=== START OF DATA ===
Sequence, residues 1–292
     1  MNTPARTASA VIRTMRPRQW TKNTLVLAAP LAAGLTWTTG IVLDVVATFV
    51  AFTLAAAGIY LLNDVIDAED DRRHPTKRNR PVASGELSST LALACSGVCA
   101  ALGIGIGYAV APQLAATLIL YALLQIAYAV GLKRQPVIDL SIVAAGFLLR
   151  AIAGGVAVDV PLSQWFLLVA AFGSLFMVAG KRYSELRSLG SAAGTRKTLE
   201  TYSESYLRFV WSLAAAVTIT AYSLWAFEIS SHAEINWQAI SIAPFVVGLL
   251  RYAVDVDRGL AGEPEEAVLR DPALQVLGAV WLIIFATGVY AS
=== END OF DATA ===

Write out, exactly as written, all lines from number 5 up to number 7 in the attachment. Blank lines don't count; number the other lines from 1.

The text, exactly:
   151  AIAGGVAVDV PLSQWFLLVA AFGSLFMVAG KRYSELRSLG SAAGTRKTLE
   201  TYSESYLRFV WSLAAAVTIT AYSLWAFEIS SHAEINWQAI SIAPFVVGLL
   251  RYAVDVDRGL AGEPEEAVLR DPALQVLGAV WLIIFATGVY AS